- Course: Cold Appetizer
- Skill Level: Easy
- Cost: Moderate
- Favorited: 9 Times
All along the Gulf Coast, crab is plentiful and almost cheap during the summer. It has a luxurious flavor, but it’s still light, and in this ceviche-like salad the lime and basil enhance the warm-weather flavors. The salty capers are a good foil for the sweetness of the crab and carrots. Serve this refreshing combination on lettuce leaves, as described below, or in a parfait or martini glass, garnished with a wedge of lime and some tortilla chips.
- ½ cup finely diced carrots
- Juice of 2 limes (about 4 tablespoons)
- 1 teaspoon finely grated lime zest
- 2 medium shallots, minced
- 1 tablespoon white wine vinegar
- 1/3 cup good-quality olive oil
- Salt and pepper
- Hot sauce
- 3 tablespoons coarsely chopped fresh basil
- 2-3 tablespoons minced scallions
- 1 pound jumbo lump crabmeat (Blue or Dungeness), well picked for shells
- 2 tablespoons coarsely chopped capers
- 1 head Bibb lettuce, cleaned and dried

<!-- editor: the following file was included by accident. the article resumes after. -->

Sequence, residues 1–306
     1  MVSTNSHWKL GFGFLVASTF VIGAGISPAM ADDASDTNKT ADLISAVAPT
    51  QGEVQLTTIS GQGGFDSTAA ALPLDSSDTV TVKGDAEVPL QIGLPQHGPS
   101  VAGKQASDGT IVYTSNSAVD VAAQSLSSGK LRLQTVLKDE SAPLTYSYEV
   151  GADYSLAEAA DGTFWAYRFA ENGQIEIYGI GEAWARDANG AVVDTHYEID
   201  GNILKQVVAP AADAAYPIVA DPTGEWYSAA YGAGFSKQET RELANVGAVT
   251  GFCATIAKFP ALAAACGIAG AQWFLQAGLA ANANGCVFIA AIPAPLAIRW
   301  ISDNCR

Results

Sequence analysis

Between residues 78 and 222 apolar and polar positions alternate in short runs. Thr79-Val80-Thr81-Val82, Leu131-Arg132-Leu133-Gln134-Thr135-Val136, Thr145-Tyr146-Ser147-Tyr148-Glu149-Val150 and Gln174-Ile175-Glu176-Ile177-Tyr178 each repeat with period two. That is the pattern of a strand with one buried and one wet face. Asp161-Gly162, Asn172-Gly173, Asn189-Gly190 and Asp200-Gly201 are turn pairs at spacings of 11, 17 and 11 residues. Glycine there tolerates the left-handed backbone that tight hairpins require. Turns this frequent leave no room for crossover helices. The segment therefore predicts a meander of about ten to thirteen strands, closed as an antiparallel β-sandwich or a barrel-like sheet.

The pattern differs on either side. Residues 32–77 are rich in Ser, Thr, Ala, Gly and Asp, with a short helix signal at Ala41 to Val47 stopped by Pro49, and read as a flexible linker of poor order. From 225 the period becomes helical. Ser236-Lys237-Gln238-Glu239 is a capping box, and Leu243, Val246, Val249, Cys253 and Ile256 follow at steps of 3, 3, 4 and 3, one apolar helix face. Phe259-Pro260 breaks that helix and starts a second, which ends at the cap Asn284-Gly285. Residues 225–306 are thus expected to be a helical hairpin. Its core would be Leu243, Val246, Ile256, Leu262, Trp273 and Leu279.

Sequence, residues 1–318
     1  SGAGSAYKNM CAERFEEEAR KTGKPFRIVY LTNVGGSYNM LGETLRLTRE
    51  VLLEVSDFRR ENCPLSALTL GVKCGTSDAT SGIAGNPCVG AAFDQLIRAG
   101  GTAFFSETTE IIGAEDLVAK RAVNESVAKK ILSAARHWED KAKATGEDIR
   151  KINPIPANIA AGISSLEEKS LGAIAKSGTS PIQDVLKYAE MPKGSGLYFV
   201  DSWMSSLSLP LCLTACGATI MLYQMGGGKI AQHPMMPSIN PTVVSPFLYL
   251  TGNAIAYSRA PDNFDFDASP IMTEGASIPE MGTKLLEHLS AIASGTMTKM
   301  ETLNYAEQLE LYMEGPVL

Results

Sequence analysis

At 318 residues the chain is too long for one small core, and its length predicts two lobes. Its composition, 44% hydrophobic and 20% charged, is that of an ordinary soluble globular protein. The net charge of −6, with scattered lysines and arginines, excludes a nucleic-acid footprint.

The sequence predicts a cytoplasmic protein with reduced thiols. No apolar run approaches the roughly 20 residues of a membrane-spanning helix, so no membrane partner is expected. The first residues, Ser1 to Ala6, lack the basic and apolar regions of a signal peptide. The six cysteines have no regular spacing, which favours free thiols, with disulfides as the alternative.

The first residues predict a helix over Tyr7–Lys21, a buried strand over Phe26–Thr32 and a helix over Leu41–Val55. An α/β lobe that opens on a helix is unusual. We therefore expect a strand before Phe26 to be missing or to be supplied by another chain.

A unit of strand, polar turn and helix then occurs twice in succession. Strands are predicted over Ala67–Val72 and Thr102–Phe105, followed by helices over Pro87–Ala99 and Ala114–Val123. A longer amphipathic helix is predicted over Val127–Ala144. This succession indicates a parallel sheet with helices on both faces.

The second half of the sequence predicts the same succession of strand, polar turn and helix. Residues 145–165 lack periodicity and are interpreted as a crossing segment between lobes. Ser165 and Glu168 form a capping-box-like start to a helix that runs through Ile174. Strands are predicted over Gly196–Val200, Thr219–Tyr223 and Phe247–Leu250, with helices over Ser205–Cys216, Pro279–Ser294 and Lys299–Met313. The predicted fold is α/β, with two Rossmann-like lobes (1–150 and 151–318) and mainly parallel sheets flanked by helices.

- 1 avocado (preferably Hass), sliced or diced
- Basil sprigs, as garnish
Bring a small saucepan of water to a boil. Add the diced carrots and simmer 2-3 minutes; drain and shock in ice water. Remove the carrots from ice water and set aside.
Place the lime juice and zest, shallots, and vinegar in a small bowl and whisk in the olive oil. Season to taste with salt, pepper, and hot sauce.
In another bowl, mix the basil, scallions, crabmeat, capers, and carrots, and then fold in the lime vinaigrette.
Taste for seasonings, adding hot sauce, lime juice, or salt as needed.
To serve, arrange a few lettuce leaves on each of the salad plates. Top the lettuce with equal portions of the crab salad and avocado slices, and garnish with basil sprigs.
I prefer the texture of finely diced carrots in this salad. However, they need to be blanched, then shocked in ice water, before you use them, to ensure that the texture is not too dramatically different from that of the other ingredients in the salad. Raw carrots with too much crunch would take away from the elegance of this salad.
Blanching preserves a vegetable’s color and enhances its flavor. It can also be used to loosen skins, as with tomatoes and peaches, to make for easier peeling. To blanch a vegetable, plunge it into lightly salted boiling water for a few minutes, drain, and put it into ice water, to “shock” the vegetable (i.e., stop the cooking).
© 2007 Susan Spicer
Nutritional information includes 1/8 teaspoon of added salt per serving.